There weren’t enough train cars. The first order of rolling stock for the Metro came from Georgia. But then we waited, through the early- and mid- of the 1980’s, for a second and third order, both from Italy.

In the early eighties, you often had to wait 20-30 minutes for a Metro train to come. Then the Italian orders arrived, and everything changed: trains every few minutes. Ridership began to grow steadily, right alongside the growth of the metro area, until 2008.

(I just checked, and there are 280 cars still in service in the Washington Metro, from the order of 290 that arrived from Italy in the mid-eighties.)

Thank God those 280 old cars are still around, since Metro announced this week that the entire 7000-series of rolling stock, acquired in 2015, will have to be taken out of service for an indefinite period of time because of a safety problem.

Now history is repeating itself: 30-minute+ waits for a train to come.

 

I noted back in the summer of 2009, after the heartbreaking crash, that things would never be the same for the Washington Metro. They haven’t been. Ridership has decreased since then, even as metro-area population has risen. In 2008, the Washington Metro system averaged 752,000 trips per weekday. Then ridership began declining annually. When it plunged 85% last year because of coronavirus shut-downs, that drop actually fit into the longer-term trend.

And now this: Yesterday morning during rush hour, the system had only 23 trains running, on six lines. It is a sad, sad spectacle. The doldrums of the early 80’s have returned, but without the promise of a better future this time.

I remember watching this now-quaint little movie as a kid, at the public library down the street from our house.

Things have not turned out so well.

 

Update on My Canonical Case

canon law codex canonici

I have received a notice from Bishop Knestout. He intends formally to charge me with two canonical “delicts,” that is, Church crimes. He tells me that he intends to pursue an “extrajudicial penal process.” (Not sure what that means.) He intends to “resolve my situation” by “invoking II Special Faculty.” (Don’t know what that means, either.)

The charges are: 1. disobedience 2. incitement.

According to the canon, disobedience = “not complying with the legitimate precepts or prohibitions of the Apostolic See or the ordinary [ie. bishop].”

St Francis of Assisi Rocky Mount
St. Francis of Assisi, Rocky Mount, Virginia

Precept. I believe that, in November 2019, Bishop Knestout signed a ‘precept’ concerning this blog. On the 21st of that month, the bishop surprised me after daily Mass and read at least part of that precept to me.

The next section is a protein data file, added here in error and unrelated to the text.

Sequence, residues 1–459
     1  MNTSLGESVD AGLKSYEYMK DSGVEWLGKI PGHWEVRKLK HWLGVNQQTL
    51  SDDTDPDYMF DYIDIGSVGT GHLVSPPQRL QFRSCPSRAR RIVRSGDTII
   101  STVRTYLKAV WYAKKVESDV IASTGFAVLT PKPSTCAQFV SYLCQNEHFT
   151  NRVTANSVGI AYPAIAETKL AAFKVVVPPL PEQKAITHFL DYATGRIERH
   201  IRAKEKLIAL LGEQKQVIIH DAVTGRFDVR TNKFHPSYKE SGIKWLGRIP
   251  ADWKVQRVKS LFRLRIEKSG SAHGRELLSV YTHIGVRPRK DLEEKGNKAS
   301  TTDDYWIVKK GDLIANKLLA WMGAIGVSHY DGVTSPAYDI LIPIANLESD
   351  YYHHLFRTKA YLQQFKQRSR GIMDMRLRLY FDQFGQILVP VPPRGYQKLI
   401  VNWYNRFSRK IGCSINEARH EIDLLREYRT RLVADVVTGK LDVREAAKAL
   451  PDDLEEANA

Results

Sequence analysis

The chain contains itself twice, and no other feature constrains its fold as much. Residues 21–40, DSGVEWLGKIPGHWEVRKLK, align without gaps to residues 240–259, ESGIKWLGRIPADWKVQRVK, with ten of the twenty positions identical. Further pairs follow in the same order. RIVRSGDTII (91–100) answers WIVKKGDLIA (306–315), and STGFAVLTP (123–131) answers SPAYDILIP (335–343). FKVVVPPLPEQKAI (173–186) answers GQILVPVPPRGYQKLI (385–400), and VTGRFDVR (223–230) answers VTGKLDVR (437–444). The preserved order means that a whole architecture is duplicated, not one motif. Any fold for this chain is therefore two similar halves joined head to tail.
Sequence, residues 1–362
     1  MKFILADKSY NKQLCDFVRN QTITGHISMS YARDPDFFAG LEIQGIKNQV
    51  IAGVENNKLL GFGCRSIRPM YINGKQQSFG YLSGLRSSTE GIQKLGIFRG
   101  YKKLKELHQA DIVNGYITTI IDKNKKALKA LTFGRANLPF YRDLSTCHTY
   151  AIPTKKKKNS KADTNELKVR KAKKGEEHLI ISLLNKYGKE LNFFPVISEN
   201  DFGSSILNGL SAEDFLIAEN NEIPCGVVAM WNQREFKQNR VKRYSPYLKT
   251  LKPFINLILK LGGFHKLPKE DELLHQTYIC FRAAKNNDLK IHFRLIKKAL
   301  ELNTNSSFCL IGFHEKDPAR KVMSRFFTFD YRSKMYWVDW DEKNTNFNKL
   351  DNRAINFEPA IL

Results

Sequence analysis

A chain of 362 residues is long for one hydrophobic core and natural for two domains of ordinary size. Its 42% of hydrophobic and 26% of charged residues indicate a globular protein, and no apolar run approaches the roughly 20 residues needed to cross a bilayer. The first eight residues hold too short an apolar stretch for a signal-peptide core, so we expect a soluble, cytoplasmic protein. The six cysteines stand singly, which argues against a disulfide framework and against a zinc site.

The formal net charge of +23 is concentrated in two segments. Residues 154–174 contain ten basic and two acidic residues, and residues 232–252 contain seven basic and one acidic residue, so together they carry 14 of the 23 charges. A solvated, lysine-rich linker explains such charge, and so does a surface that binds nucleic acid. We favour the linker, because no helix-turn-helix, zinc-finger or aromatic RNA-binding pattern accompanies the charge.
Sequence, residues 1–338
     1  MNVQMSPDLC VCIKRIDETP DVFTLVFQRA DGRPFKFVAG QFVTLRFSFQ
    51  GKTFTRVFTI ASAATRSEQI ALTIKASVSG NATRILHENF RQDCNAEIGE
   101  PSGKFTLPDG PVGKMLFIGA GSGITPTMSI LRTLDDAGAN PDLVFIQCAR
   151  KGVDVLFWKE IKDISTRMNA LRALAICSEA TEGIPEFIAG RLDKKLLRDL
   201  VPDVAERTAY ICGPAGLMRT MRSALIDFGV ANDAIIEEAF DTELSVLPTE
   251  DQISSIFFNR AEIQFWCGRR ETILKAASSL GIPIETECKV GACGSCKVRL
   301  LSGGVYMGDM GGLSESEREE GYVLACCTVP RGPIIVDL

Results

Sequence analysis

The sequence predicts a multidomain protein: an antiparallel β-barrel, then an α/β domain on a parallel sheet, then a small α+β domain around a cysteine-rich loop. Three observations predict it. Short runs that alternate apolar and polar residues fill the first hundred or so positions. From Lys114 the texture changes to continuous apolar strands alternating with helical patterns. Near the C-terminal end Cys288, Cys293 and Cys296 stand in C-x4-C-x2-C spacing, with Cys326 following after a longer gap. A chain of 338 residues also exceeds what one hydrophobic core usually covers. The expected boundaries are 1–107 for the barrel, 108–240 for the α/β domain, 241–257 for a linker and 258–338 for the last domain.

The situation that day was far from calm; I did not catch every word of what the bishop was reading to me. I didn’t worry about that, though, because I assumed that I would receive a written copy.

When bishop finished reading, however, he informed me that I would not receive a copy of the document. I was dumbfounded.

I am assuming that the Bishop intends to accuse me of disobeying this particular precept of November 2019, in this “penal process” now begun. I certainly hope that I will have the opportunity to hold the document in my own hands and read it with my own eyes, before I am put on trial for disobeying it. I hope that I will have some time to consider its contents carefully.

None of us are in the dark, though–at least I don’t believe we are–about the basic thrust of this mysterious document. The precept compels me, under pain of losing the office of pastor in Martinsville/Rocky Mount, to remove this blog from circulation entirely and to withdraw completely from publishing anything.

In March of last year (2020), my canon lawyer wrote to Bishop Knestout, pointing out that I needed more information from him in order to understand his problems with this blog and to make adjustments to satisfy him. We never received any response to my lawyer’s letter.

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Then last summer my lawyer argued that the precept in question appears not to be in harmony with the teaching of the popes, when it comes to priests using the internet to communicate.

My lawyer made this distinction:

On the one hand, we acknowledge the prerogative the bishop has to guide me in what I would publish here. I have, in fact, repeatedly sought such guidance. On the other hand, the bishop’s demand that I cease entirely to communicate over the internet violates my basic freedom as a human being, and it contradicts the law and the teaching of the Church.

This past March, I wrote to Bishop Knestout. I re-iterated my offer to work with him–or with someone delegated by him, or with anyone approved by him–to try to solve the problems that this blog has caused in our relationship. I remain willing, as I have been all along, to correct any errors I have published here. I expressed my desire to serve the diocese in some priestly ministry that might be helpful.

St Peters